John Kiley is a fourth generation Seattle native who attended The Pilchuck Glass School and the Penland School of Crafts in North Carolina. Throughout his career as a professional glass artist, which began in 1992 at the age of 19, Kiley has worked with the most renowned masters in the field and has become an established mentor in his own right.
After working as an assistant in the Benjamin Moore studio, John Kiley joined Dale Chihuly as a gaffer on the chandelier team of his Chihuly Over Venice project, he traveled to Finland, Ireland, Mexico and Italy. He spent four years as an assistant to Dante Marioni before becoming a principal team member with Lino Tagliapietra in 1994. In addition to blowing glass in Tagliapietra’s private Murano studio, Kiley has traveled all over the world with the maestro.
John Kiley has taught glassblowing at the National College of Art and Design in Ireland, the Bezalel Academy of Arts in Israel, the Pittsburgh Glass Center and the Pratt Fine Arts Center in Seattle. In 2009, he became the Glass Director of the Schack Center in Everett, WA, an 18,000 sq-ft art center that opened in 2011, for whom he managed the design, construction, and now operation of the glass department.
Works by Kiley are in many public and private collections, including, The Museum Of Glass, Tacoma, WA; The Shanghai Museum of Glass, Shanghai, China; Sir Elton John;the Seven Bridges Foundation;Emirates Airline and Fly Dubai Airlines.
John Kiley constructs his pieces in separate sections then focuses on how the sections fuse together and how the membranes that connect them can be passageways to enhanced visual experience. Between the sphere’s soft roundness and the cleavage’s hard edges, light revels in infinite motion. Sightlines open and close through lens-like holes and shift with the subtle movement of the viewer’s gaze. By deconstructing the form and externalizing its inner parts, Kiley challenges the traditional view of beauty as that which is pristine and complete. John Kiley not only questions which is more beautiful—the whole or its parts, the inside or the outside, negative or positive space, the light, the shadow, or the reflection—but posits that it is the interaction of all of these characteristics that results in the beautiful sum.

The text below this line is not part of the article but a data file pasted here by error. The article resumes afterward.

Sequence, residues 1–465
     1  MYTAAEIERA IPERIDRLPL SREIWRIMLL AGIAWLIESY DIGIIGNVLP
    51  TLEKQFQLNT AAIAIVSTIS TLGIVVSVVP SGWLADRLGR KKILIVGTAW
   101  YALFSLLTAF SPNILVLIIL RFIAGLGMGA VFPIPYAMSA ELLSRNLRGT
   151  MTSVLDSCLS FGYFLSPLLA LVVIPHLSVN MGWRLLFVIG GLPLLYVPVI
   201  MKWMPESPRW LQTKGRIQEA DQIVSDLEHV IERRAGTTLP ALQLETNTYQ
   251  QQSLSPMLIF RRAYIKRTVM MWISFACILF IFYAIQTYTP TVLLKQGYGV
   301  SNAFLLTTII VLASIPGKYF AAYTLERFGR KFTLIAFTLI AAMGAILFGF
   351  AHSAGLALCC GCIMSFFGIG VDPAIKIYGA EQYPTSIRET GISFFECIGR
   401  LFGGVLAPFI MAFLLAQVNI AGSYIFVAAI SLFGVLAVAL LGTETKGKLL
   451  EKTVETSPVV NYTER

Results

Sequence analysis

“When I was a child, our house underwent a remodel and the yard was messy, full of piles of soil and mud; in short, a boy’s paradise. A favorite pastime of the neighborhood kids was engaging in dirt-clot throwing wars on our backyard battleground.
One day, while preparing for a battle, I picked up a pile of ammunition and began to fashion it into what would be the perfect muddy weapon. Slowly and deliberately I formed it with my bare hands until the amorphous clot of mud began to take the form of a ball. I became obsessed, shaping for probably an hour, and eventually created a perfect sphere.
To me, this tennis ball sized object seemed much too perfect to sacrifice in battle, so I placed it in a small glass dish, and hid it inside the tool shed. There it lived, until one spring day when I decided that I would impress my fellow combatants. Upon revealing the sphere, not a single one of my comrades believed that it was merely dirt. They were all sure that it must be a ball coated with mud. I pondered the options: return my treasure to the shed, or break it open and impress my friends? At this moment, none of us knew what the outcome would be.
Looking at the broken pile of earth, splayed out on the sidewalk, I felt a sense of pride that I had created something so perfect, and a sense of loss that I ruined it. Gazing upon what was left, clearly a broken sphere, rounded edges still intact, with the rough inside sections casting shadows, questions arose: which is more beautiful; intact or sectioned, outside or inside, shapes or shadows? Why was I so drawn to this spherical form and now its broken remnants?
The glass sculptures that I make are an effort to re-create this experience. Openings allow the viewer to peer through the sculptures where distinct separate colored sections are fused together to become one. Through my work ask questions about precariousness and preciousness, while also recalling my own experiences of being in relationship. The fragility of glass allows a tension to exist between viewer, sculpture and sculptor, hopefully creating a sense of concern for objects that may be considered simultaneously strong yet precarious, beautiful yet breakable.” John Kiley